Washington v. Texas/Concurrence Harlan

Court Documents
Case Syllabus
Opinion of the Court
Concurring Opinion

United States Supreme Court

388 U.S. 14

Washington  v.  Texas

 Argued: March 15 and 16, 1967. --- Decided: June 12, 1967

Mr. Justice HARLAN, concurring in the result.

For reasons that I have stated in my concurring opinion in Gideon v. Wainweight, 372 U.S. 335, 349, 83 S.Ct. 792, 799, 9 L.Ed.2d 799, and in my opinion concurring in the result in Pointer v. State of Texas, 380 U.S. 400, 408, 85 S.Ct. 1065, 1070, 13 L.Ed.2d 923 and in my dissenting opinion in Poe v. Ullman, 367 U.S. 497 539-545, 81 S.Ct. 1752, 1774-1778, 6 L.Ed.2d 989, I cannot accept the view that the Due Process Clause of the Fourteenth Amendment 'incorporates,' in its terms, the specific provisions of the Bill of Rights. In my view the Due Process Clause is not reducible to 'a series of isolated points,' but is rather 'a rational continuum which, broadly speaking, includes a freedom from all substantial arbitrary impositions and purposeless restraints * * *.' Poe v. Ullman, supra, at 543, 81 S.Ct. at 1777, see Palko v. State of Connecticut, 302 U.S. 319, 58 S.Ct. 149, 82 L.Ed. 288; Klopfer v. North Carolina, 386 U.S. 213, 226, 87 S.Ct. 988, 995, 18 L.Ed.2d 1 (opinion concurring in the result).

I concur in the result in this case because I believe that the State may not constitutionally forbid the petitioner, a criminal defendant, from introducing on his own behalf the important testimony of one indicted in connection with the same offense, who would not, however, be barred from testifying if called by the prosecution. Texas has put forward no justification for this type of discrimination between the prosecution and the defense in the ability to call the same person as a witness, and I can think of none.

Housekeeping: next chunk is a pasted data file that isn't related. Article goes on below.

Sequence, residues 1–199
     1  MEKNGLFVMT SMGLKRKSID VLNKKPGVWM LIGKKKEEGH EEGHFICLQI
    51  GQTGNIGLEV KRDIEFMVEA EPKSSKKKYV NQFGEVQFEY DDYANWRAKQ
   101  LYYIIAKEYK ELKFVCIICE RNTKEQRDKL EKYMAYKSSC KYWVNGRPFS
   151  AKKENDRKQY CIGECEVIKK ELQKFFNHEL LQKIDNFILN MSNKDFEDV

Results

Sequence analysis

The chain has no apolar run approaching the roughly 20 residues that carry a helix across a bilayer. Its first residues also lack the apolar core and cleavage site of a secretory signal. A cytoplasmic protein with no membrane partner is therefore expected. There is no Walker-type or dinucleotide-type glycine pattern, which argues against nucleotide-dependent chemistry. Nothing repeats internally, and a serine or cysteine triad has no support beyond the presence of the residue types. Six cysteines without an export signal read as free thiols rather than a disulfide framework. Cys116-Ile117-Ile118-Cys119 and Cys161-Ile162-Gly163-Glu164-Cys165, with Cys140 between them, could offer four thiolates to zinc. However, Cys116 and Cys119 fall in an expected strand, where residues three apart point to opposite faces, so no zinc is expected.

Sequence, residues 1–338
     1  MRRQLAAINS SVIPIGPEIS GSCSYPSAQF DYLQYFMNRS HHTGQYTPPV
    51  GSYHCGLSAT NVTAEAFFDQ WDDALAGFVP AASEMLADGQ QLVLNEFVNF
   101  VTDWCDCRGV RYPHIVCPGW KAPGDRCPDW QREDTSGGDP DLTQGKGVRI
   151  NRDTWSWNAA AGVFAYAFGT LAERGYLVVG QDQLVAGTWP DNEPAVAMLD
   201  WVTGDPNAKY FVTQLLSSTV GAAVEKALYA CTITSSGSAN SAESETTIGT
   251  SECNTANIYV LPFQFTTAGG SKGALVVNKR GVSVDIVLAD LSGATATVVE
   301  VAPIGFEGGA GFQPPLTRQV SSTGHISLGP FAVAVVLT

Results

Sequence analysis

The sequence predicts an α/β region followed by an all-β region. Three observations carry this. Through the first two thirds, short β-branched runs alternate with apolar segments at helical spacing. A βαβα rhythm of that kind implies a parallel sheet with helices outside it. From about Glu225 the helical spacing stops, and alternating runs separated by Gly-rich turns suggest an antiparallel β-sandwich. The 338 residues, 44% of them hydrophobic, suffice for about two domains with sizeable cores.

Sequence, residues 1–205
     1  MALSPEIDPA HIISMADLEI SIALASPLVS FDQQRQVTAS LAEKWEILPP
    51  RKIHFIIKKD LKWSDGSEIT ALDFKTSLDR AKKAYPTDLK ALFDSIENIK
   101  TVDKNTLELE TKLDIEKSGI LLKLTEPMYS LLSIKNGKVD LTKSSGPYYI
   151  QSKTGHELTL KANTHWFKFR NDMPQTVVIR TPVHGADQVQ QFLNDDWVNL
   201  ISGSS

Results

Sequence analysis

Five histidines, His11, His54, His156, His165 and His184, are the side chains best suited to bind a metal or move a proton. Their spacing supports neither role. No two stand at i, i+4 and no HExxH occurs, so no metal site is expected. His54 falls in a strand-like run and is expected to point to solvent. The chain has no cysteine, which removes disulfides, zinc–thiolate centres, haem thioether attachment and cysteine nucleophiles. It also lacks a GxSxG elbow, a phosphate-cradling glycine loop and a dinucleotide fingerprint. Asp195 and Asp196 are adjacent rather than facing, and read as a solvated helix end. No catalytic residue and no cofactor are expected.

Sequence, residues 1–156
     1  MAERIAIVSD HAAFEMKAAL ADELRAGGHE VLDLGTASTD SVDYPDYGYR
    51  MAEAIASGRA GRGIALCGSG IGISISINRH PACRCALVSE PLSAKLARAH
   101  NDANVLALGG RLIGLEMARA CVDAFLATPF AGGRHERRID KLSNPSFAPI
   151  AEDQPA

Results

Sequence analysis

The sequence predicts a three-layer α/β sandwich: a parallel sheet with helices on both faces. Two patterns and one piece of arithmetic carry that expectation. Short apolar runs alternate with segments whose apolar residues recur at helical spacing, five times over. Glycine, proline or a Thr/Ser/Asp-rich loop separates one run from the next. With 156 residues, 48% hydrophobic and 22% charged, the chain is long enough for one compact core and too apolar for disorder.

In my opinion this is not, then, really a problem of 'compulsory process' at all, although the Court's incorporationist approach leads it to strain this constitutional provision to reach these peculiar statutes. Neither is it a situation in which the State has determined, as a matter of valid state evidentiary law, on the basis of general experience with a particular class of persons, as for example, the mentally incompetent [1] or those previously convicted of perjury, [2] that the pursuit of truth is best served by an across-the-board disqualification as witnesses of persons of that class. Compare Spencer v. State of Texas, 385 U.S. 554, 87 S.Ct. 648, 17 L.Ed.2d 606. This is rather a case in which the State has recgn ized as relevant and competent the testimony of this type of witness, but has arbitrarily barred its use by the defendant. This, I think, the Due Process Clause forbids.

Notes edit

  1. E.g., Cal.Civ.Proc.Code § 1880, subd. 1; Cal.Pen.Code § 1321.
  2. E.g., 12 Vermont Stat.Ann., Tit. 12, § 1608. See generally 2 Wigmore, Evidence § 488 (3d ed. 1940).

This work is in the public domain in the United States because it is a work of the United States federal government (see 17 U.S.C. 105).

Public domainPublic domainfalsefalse